Posts Tagged ‘chile’

Podcast #4: Requiem For A (Flash) Dream

Friday, October 12th, 2012

Last night I joined the incomparable Dylan Wilbanks to record the fourth episode of our epic podcast Squirrel and Moose.

In it we spend nearly thirty minutes beating up Flash for its lunch money, officially stating what everyone knew years ago: Flash is dead.

So I guess we were beating up a corpse. Or maybe a zombie. The former would make us deranged, the latter would make us heroes. So I’ll go with the latter. We’re god-damned heroes. We deserve medals. And like Chewbacca, we’ll go overlooked. It’s a cruel world.

Specifically we start by discussing the decisions involving IE10 not including Flash, then begrudgingly including it but white-listing Flash sites. Somewhere along the way we start making fun of most of the Southern Hemisphere. Because let’s be honest, your toilets flush backwards. Which is a sin against all mankind.

I think this ties in beautifully to our last episode, wherein we discussed tool obsession. Flash is a tool, and that tool’s days are drawing to an end. The sooner people jump ship to newer tools, the better off they’ll be. And hey, Adobe is there to help you. They already know Flash is dead and are building all sorts of crazy new tools to replace it.

All this and Dylan’s sexy post-cold voice. Available exclusively at You can fill your earholes with the podcast there by listening directly at the site, via RSS, or through iTunes.

Flash. IE10. Got opinions? Of course you do. Share them. Respond via one of the methods below, or tweet @dylanw and @cssquirrel with the hashtag #squoose filled with your mind candy.


Comic Update: Tubes

Tuesday, October 12th, 2010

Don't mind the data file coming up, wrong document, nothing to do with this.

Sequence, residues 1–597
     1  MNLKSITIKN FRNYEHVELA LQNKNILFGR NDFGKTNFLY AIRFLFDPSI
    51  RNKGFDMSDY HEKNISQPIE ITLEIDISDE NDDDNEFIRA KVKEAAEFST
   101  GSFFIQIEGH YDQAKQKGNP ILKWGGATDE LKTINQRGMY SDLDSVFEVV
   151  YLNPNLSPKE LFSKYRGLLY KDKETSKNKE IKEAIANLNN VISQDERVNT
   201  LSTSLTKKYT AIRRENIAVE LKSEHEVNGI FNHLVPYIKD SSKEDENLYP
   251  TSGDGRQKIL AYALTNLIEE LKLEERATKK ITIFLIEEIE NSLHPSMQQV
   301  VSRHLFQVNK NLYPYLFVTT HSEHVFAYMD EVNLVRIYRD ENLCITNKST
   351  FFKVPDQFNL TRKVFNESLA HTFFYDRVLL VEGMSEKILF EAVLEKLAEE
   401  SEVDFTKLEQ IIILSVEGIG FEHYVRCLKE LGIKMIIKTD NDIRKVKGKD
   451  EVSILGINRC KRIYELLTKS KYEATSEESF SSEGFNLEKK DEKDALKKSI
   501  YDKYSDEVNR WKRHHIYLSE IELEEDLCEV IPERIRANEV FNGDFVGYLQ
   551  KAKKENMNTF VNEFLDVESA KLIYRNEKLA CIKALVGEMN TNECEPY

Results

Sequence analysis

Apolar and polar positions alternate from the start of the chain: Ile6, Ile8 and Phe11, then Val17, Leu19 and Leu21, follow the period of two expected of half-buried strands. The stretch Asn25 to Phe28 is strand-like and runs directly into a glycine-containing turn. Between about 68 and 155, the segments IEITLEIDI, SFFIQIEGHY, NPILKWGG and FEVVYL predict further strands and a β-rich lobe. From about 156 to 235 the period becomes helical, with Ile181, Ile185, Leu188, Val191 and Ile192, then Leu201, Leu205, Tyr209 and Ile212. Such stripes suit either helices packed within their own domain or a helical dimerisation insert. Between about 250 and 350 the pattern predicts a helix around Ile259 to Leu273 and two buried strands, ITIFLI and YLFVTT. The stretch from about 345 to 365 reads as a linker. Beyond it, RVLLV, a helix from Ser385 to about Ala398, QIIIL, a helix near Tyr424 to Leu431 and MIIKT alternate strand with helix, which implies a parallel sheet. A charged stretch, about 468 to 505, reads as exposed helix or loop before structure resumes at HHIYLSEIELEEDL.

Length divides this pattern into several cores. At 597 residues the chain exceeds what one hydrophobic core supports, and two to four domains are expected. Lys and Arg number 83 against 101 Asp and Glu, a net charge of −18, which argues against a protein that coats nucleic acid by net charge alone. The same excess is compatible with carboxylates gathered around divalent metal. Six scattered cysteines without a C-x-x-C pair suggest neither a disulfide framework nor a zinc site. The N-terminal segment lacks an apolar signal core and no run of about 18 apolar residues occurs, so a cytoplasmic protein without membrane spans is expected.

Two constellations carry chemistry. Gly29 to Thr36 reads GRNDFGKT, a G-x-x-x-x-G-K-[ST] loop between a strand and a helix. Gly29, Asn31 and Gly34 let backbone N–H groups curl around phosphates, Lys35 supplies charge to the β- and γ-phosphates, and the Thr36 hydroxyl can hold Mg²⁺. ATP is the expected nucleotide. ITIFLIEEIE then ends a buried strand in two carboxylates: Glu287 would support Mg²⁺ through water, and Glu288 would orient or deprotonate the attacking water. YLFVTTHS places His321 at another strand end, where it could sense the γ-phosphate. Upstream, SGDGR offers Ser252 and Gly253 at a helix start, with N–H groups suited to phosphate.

Today’s comic features Justin McDowell (web designer and founder of Ignite Lincoln) and the Squirrel dealing with the decidedly first world problem of a slow broadband connection while discussing Chilean miners. In short, it’s all about tubes.

I’m claustrophobic to an incredible degree, a trait I attribute to my lifelong battle with asthma and my general impression that smaller spaces contain less air. I cannot fathom what spending over two months trapped a half-mile underground in a collapsed mine must be like. It’s amazing that the men involved have held together as well as they have, and almost as incredible is everything that’s been delivered safely to them through a four-inch wide, half-mile long tube. Sandwiches, drinks, videos, clothing, books.

The fact that they’re about to be winched upwards to the surface world says something about how humans can come together in such trying times to accomplish something so incredibly difficult.

It’s entirely trite to compare such a feat to broadband Internet access. But I’m going there, because I’m a classy guy. Both my home connection and that of my workplace go through Comcast. Over the past week, both locations have had service levels I could compare to my 1995 dial-up connection when I’d log in to play Ultima Online or spend fifteen minutes downloading one naughty photo. What I’m trying to say is that hand-delivering the packets of information would result in a faster speed than what I’m currently experiencing.

What drives me crazy about such things is that for all extents and purposes, this is exactly what Comcast promises. Any of their service packages guarantee up to a maximum level of service, but not a minimum.

I’d like to repeat that. I pay them good money to guarantee that they won’t exceed a level of service, but they can fall as short of that as they please. I wonder how well that would work for other business models. Buy up to a whole hamburger… but maybe you’ll get just the bun. Buy up to a whole website… but maybe you’ll just get a half-finished splash page.

It’s a classic old gem at this point, but I think Penny Arcade’s treatment of the topic goes straight to the point of how I’d prefer to pay such a variable service.

The overall poor quality of American broadband access in comparison to other first-world nations is something I could rant about for hours. Instead I’ll get over myself, link you this hilarious hat picture of Justin I found while getting reference photos of him for the comic, and wish the miners all the best luck in the final hours of their ordeal. ┬íVive Chile!